Non-drug Approaches and Classroom Adaptations Can Help Children With ADHD

Rob Wipond

Non-drug approaches and adaptations in classrooms can help children diagnosed with ADHD to succeed, according to a systematic review of studies published in Health Technology Assessment. However, it is not yet clear how much these approaches help, or which types of techniques are most effective or cost-effective.

The review involved researchers from Kings College London and the Hong Kong Institute of Education, and examined studies published between 1980 and 2013. A press release summarized that, “The team found 54 studies (39 randomised controlled trials and 15 non-randomised studies) that tested many different ways of supporting these children, such as having daily report cards filled in by teachers and parents to give consistent and regular feedback, or study and organisational skills training, which can help children achieve better attainment levels, reduce hyperactive behaviour and increase attention.”

The researchers determined that, overall, these approaches seemed to be able to have positive impacts on children’s success in school. However, the press release summarized, they “found so many different types of strategies, often combined in different ways and so many different ways of measuring whether they worked, that it was impossible to clearly identify what works best.”

“Findings suggest some beneficial effects of non-pharmacological interventions for ADHD used in school settings, but substantial heterogeneity in effect sizes was seen across studies,” the researchers stated in their conclusions. “Future work should consider more rigorous evaluation of interventions, as well as focus on what works, for whom and in which contexts.”


Simple classroom measures may reduce the impact of ADHD (University of Exeter press release on MedicalXpress, July 1, 2015)

Richardson M, Moore DA, Gwernan-Jones R, Thompson-Coon J, Ukoumunne O, Rogers M, et al.Non-pharmacological interventions for attention-deficit/hyperactivity disorder (ADHD) delivered in school settings: systematic reviews of quantitative and qualitative research. Health Technol Assess 2015;19(45) (Abstract)

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Rob Wipond
Rob Wipond is a Victoria, British Columbia-based freelance journalist who has been writing on mental health issues for fifteen years. His research has particularly focused on the interfaces between psychiatry, the justice system, and civil rights. His articles have been nominated for three Canadian National Magazine Awards, six Western Magazine Awards, and four Jack Webster Awards for journalism. He can be contacted through his website.


  1. This report should come as no surprise, especially considering the overuse of the ADHD diagnoses, with no evidence that ADHD is anything but some children’s behavioural response to life conditions that don’t fit their needs. A major problem with this report and the studies it is based on is the way people tend to interpret research. As research tends to look at one modality of intervention at a time, no research in mental health should be interpreted as if one is trying to find the best single modality as compared to others. Research always has to be evaluated in the light of other research and people’s real life experience. So we can take all the research on ADHD and be able to say that together exercise, proper sleep, teaching methods that don’t chain children to desks and expect them to be robots. good family environment and good teacher-child relationships are all important, and should be promoted for all children. Any individual piece of research can never represent the whole picture or solution. Empirically based practices need to include holistic interpretations of all evidence.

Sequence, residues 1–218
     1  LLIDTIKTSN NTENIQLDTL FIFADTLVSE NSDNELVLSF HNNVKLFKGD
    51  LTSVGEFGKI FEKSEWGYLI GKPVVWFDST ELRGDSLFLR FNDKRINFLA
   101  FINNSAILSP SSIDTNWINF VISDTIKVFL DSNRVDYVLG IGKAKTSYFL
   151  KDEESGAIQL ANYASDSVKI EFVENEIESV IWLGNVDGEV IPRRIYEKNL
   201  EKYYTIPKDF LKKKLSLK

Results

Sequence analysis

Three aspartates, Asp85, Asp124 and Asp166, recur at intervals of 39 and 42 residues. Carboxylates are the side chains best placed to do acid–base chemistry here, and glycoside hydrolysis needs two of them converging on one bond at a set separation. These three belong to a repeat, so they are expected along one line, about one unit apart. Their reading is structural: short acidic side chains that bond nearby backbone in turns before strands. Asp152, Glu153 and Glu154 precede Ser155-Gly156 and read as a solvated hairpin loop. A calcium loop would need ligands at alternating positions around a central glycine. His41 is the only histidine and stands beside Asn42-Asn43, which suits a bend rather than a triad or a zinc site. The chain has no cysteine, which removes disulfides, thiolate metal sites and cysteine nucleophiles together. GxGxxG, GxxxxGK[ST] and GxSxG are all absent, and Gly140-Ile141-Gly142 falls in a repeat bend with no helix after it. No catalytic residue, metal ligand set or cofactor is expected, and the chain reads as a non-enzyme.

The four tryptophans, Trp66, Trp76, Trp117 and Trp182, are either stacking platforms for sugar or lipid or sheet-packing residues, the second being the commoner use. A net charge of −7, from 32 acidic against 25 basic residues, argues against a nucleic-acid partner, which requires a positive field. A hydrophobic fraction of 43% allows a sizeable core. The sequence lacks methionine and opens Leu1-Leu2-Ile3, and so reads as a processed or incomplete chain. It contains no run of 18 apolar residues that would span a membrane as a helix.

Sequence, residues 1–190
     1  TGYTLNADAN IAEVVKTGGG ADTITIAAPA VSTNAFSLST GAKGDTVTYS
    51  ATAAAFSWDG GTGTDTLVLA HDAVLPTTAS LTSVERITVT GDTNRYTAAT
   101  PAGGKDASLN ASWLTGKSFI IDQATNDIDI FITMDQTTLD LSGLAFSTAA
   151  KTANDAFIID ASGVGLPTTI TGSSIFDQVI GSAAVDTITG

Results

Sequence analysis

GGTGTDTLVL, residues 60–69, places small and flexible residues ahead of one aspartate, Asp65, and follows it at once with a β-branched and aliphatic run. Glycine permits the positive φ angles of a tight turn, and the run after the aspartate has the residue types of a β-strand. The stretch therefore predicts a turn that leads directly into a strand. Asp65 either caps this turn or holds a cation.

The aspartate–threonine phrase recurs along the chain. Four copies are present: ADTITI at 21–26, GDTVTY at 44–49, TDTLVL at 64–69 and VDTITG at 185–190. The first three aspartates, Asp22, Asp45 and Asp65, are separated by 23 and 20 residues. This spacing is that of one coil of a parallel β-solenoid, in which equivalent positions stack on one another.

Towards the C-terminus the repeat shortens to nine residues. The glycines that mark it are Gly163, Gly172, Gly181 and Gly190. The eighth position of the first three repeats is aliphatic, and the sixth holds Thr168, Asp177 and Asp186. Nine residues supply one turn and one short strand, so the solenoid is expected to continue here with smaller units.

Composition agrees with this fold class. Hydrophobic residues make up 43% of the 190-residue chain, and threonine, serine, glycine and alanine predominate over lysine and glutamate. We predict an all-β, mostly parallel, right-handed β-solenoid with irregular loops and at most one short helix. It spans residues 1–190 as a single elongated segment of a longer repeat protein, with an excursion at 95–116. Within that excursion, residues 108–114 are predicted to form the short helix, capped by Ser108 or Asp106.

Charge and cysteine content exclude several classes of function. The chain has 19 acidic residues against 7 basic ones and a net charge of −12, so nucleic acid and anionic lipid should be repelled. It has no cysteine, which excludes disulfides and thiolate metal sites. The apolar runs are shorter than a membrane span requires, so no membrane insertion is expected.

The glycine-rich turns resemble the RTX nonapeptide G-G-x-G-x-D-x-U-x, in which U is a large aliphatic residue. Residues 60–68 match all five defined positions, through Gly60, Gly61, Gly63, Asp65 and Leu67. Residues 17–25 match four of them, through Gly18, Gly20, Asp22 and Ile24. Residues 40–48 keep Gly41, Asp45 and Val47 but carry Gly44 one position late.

2. This kind of study really emphasizes the absolute idiocy of diagnosing kids (or adults) with a “disorder” based only on symptoms. The authors write that “substantial heterogeneity in effect sizes was seen across studies,” seemingly blind to the fact that “substantial heterogeneity” is seen across the cohort who receive this subjective and socially-derived diagnosis! It should surprise no one that different interventions implemented by different people toward different students would have a range of different results. The real lesson is that EACH CHILD IS DIFFERENT and that we should be creative in finding out WHAT WORKS FOR EACH SPECIFIC CHILD!!!! To think that ONE approach will always work for EVERY child who doesn’t like sitting still or doing boring repetitive work is the height of scientific stupidity. Unless you know WHY they aren’t sitting still, you are simply lumping together kids who are irritating to the adults, and you will never find a single solution that will help all of them, because they each need different things.

    Of course, this kind of blunt and crude “diagnosis” does grant a huge advantage to the drug intervention, because it is aimed only at the symptoms and is completely unconcerned with causes or long-term effects. As long as we utilize these reductionistic and inane labels to classify kids, research will always show that drugs “work” best (at least in making the kids less annoying), because they are the crudest and most simplistic tools that attack the identified “symptoms” directly while doing absolutely nothing about the wide variety of possible causes and needs that are not being addressed, hence assuring a steady flow of customers over time.

    — Steve

    • I agree, and it’s absurd and sad to live in a society where the grown ups within the medical and educational communities believe it is acceptable behavior to defame children with fictitious diseases and force medicate small children with amphetamines, or other mind altering drugs.